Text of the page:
Columbia College Chicago is a special place of higher education.  I noticed the minute I walked into the graduation ceremony at the UIC Pavillion.  From the smart, creative choice of excellent music to the guest speakers ability to provide short, but powerful words of wisdom, Columbia College’s dynamic, creative environment was on full display.  Distinguished honored speaker, author Ray Bradbury spoke stirringly about doing what you love and to love what you’re doing.  The spirit of love was the dominant theme of the day.

My highest compliments and regards to President Warrick L. Carter, Provost Steven Kapelke, and the various leaders of Columbia College for providing an environment for dynamic and creative learning, development of outstanding leaders, and most importantly, the mentoring of tomorrow’s change agents.

From create…change to Yes We Can, Columbia College Chicago ushered in two powerful phrases that define the spirit of Chicago, the destiny of higher education, and the intersection of the two into one magical morning.  After reading this post, you might be asking yourself  “What does this have to do with Chicago sports?”  Nothing at all.  It’s my daughter and I’m damn proud of her today, as I am every day and wanted to share that with my loyal and faithful audience.

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The Legend of Chicago Cubs’ Bobby Scales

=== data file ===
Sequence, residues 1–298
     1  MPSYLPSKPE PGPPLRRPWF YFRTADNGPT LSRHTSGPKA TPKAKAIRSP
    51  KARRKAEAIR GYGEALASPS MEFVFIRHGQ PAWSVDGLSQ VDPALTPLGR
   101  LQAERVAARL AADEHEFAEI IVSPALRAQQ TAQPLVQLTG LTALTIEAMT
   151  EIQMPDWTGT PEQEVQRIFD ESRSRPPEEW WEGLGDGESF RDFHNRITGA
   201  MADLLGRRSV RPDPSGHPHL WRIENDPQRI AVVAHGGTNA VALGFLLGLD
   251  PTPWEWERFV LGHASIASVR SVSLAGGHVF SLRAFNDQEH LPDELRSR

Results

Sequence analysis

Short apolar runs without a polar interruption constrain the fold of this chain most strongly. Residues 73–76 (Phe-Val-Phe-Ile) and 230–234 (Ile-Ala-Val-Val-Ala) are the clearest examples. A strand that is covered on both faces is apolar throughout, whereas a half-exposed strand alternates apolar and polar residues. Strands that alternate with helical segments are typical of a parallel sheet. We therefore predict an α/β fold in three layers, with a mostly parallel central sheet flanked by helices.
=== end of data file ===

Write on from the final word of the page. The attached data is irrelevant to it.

Posted by sportsmaven on May 15, 2009

Deep in the heart of Georgia, a little boy tosses a baseball high in the air and catches it.  Each throw a little higher a bit more altitude, with a little more arc, making it harder to catch.  With each throw, a young man’s confidence grows, his belief that he can play this game called baseball becomes more and more immense by the minute.

(AP Photo/Charles Rex Arbogast)

(AP Photo/Charles Rex Arbogast)

Personal and family sacrifices, the hours of playing catch, hitting that little ball off the tee, running after a pop fly and fielding sharp grounders are finally paying huge dividends.  Joy intersects with passion and hard work, resulting in the formation of a dream come true.

Gradual advancement, more hard work, incremental improvement, maturity, the taste of success at the tip of your tongue, the fruits of your labor are starting to blossom.

Plateau.  They said it, not you.  Your stuck, stuck behind someone else’s dream, trying to find clear wind to fill your sails, but the others are tacking in front of you, stealing the very wind that drove you to success.  You move, they move, it’s not personal, it’s just competitive.  This is not the joy you envisioned, skewed but still in it’s light and nature.  A kalidescope of your original dream disappearing into a pattern of dashed hopes and missed windows.

Perseverance is a word whose meaning is deeply understood by few, lived by even fewer.  Tough times bring fight or flight, the tendency is finding a place to keep your head above water, settling for something steady and predictable, something more of a sure thing.  Common sense and fate may have been knocking on the door of the dream, a cruel foreshadowing of illusion, deep indication that it’s time to forge another path, to alter course.